Why Celebrating the "Power of Print" Can Be a Mistake
Regular public disclosure of newspaper print circulation ended in 2013, but last year was apparently so bad some publishers are now revealing a bit more
Welcome to Second Rough Draft, a new newsletter about journalism in our time, how it (especially its business) is evolving, and the challenges it faces.
Every few weeks, it seems, I see on Twitter or cable TV someone celebrating a newspaper front page, usually with a reminder about the unique “power of print.” Then I almost invariably notice that the person making this point works at a newspaper or used to do so. And they aren’t wrong—like most things in journalism now, the best print design is the best there ever was. But print, by any reasonable definition, is losing its power, for the simple reason that, Twitter and TV screenshots aside, it is disappearing.
Most of the folks celebrating print papers know this, and the tone of the text accompanying the screenshots is often the same as nostalgic references to the pony express, or defiant paeans to wooden tennis rackets. Yet, the problem goes deeper than that, I think, because emphasizing the power of print is, at some level, a rationale for denying, and perhaps trying to retard its fate.
So I thought this week we might try to stare the facts in the face. Many are well known. Here are a few that may not be:
The most indicative may be that print circulation numbers for newspapers in this country stopped being generally available in 2013. (!) Since then, they are available only through a pricey subscription generally taken only by advertisers.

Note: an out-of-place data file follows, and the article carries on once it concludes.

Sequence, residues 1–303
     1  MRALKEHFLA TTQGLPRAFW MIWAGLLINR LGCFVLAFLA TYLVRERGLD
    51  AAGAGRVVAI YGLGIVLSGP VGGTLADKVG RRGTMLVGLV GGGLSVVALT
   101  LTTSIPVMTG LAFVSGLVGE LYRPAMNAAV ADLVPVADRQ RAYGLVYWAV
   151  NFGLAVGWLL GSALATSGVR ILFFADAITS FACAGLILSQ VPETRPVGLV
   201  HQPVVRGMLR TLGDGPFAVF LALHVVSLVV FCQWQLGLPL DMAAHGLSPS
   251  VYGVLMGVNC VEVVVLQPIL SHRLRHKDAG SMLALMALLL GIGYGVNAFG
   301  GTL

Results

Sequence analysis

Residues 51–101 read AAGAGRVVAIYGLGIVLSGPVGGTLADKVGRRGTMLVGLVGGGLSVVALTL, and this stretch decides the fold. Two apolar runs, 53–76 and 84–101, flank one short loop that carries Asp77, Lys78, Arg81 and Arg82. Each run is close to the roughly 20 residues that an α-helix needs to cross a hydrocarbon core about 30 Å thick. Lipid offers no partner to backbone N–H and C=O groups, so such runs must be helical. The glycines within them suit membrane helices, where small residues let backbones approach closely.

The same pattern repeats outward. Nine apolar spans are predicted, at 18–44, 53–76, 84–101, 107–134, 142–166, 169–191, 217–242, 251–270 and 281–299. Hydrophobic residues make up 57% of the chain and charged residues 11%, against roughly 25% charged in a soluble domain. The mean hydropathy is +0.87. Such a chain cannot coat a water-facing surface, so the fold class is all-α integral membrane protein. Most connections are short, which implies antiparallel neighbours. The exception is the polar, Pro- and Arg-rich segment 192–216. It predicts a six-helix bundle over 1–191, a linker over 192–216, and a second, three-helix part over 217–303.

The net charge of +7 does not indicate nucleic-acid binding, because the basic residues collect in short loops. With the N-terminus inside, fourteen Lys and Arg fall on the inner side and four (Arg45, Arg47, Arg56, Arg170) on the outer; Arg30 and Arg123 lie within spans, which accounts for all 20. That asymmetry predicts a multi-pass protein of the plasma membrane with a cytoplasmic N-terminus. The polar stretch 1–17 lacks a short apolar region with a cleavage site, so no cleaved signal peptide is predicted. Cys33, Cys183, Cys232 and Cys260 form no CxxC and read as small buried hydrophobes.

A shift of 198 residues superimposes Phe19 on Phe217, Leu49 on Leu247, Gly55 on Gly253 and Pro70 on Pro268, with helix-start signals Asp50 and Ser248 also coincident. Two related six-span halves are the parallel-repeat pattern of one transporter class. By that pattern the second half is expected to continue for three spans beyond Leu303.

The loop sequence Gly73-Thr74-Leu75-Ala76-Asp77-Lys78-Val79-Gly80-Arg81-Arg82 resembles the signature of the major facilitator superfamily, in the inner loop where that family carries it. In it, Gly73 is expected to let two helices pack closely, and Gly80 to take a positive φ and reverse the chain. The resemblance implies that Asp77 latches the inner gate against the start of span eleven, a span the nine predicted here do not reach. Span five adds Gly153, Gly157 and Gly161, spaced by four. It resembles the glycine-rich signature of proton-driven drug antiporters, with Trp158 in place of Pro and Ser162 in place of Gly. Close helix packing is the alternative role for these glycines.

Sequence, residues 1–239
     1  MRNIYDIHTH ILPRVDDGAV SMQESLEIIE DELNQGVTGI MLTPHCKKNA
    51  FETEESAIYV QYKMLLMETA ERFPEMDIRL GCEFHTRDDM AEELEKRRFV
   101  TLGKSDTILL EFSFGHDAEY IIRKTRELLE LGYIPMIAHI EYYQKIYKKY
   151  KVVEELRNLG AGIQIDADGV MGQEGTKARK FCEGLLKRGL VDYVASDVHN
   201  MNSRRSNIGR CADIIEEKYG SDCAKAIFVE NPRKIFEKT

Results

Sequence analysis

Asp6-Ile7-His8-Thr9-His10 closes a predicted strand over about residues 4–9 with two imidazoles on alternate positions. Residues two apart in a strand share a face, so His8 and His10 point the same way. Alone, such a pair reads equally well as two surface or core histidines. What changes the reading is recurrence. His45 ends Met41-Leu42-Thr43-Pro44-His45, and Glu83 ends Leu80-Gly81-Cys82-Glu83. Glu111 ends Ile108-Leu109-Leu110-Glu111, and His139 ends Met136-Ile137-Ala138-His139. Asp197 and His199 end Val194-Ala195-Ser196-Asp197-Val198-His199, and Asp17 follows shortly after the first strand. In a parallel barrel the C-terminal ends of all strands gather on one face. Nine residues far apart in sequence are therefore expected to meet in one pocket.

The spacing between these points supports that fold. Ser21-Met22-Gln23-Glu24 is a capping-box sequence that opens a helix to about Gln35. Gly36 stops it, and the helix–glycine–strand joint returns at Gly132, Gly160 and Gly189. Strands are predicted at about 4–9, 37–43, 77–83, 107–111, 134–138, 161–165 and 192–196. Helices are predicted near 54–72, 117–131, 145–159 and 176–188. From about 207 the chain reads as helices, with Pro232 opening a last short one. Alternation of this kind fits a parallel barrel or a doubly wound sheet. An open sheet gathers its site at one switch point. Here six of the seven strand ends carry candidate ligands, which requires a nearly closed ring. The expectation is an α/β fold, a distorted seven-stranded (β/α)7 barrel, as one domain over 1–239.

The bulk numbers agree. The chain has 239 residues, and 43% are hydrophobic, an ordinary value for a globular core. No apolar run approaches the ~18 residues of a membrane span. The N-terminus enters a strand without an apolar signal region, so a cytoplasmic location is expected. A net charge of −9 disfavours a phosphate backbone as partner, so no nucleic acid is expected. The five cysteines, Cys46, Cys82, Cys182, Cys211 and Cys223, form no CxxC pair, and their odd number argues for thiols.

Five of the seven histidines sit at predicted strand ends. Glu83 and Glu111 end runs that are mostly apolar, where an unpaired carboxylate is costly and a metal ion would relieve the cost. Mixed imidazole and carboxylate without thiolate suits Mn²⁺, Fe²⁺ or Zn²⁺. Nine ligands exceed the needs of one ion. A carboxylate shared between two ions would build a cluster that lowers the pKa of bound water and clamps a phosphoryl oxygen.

Very few newspaper companies are publicly traded these days, and even those that are (those controlling the New York Times, Wall Street Journal, the Gannett papers and a few others) omit print circulation numbers from their earnings releases. The stock analysts that follow these companies are so focused on digital growth that they don’t demand the information.
Nevertheless, if you dig a bit, you can piece the numbers together (although, as one pretty good indicator, the latest on Wikipedia— which reflects the deaths of celebrities within minutes— are from 2019). In particular, last year seems to have been so bad for print circulation that at least a few public-company publishers are making additional disclosures.
In many cities on many days there no longer IS a print newspaper. These include Cleveland, Detroit, Little Rock, Pittsburgh, Portland, Maine, Portland, Oregon, Salt Lake City, Spokane, Syracuse, Toledo and a host of smaller cities.
Five years ago, in writing about this, I had some fun at the expense of a McKinsey report from late 2015 that said,
We believe that many of the people likely to abandon print newspapers and print consumer magazines have already done so…. We believe most of this core audience — households that have retained their print subscriptions despite having access to broadband — will continue to do so for now, effectively putting a floor on the print markets.
As I guessed, that hasn’t aged well.
Let’s take the example of the New York Times, the most successful “newspaper” business left in this country. At the time of the McKinsey report, its individually paid average weekday circulation was about 525,000, down perhaps 25% from when circulation stopped being publicly reported just a bit more than two years before that. By the beginning of last year it was reportedly down to 410,000. The Times’ earning report last month said it fell another 14% last year, which would put it at about 350,000—that is, down about one third from the “floor” called five years ago by McKinsey, and less than half that last public report in 2013.